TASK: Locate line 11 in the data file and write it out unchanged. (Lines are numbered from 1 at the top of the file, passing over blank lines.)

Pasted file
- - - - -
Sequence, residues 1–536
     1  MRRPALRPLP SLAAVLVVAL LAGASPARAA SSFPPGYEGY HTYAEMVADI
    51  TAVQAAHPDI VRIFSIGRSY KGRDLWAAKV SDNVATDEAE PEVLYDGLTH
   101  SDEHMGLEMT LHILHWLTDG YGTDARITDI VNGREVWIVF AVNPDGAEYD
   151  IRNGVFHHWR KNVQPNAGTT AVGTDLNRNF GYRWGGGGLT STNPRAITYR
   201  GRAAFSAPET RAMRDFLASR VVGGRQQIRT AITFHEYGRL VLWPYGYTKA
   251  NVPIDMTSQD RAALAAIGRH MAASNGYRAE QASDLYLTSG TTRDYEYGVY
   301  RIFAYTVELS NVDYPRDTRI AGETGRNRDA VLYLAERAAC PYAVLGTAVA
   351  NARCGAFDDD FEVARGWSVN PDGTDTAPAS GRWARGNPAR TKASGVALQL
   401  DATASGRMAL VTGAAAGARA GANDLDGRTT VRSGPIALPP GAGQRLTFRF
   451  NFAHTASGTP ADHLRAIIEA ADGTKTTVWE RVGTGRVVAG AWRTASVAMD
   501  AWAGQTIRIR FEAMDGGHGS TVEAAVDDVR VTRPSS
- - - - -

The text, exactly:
   451  NFAHTASGTP ADHLRAIIEA ADGTKTTVWE RVGTGRVVAG AWRTASVAMD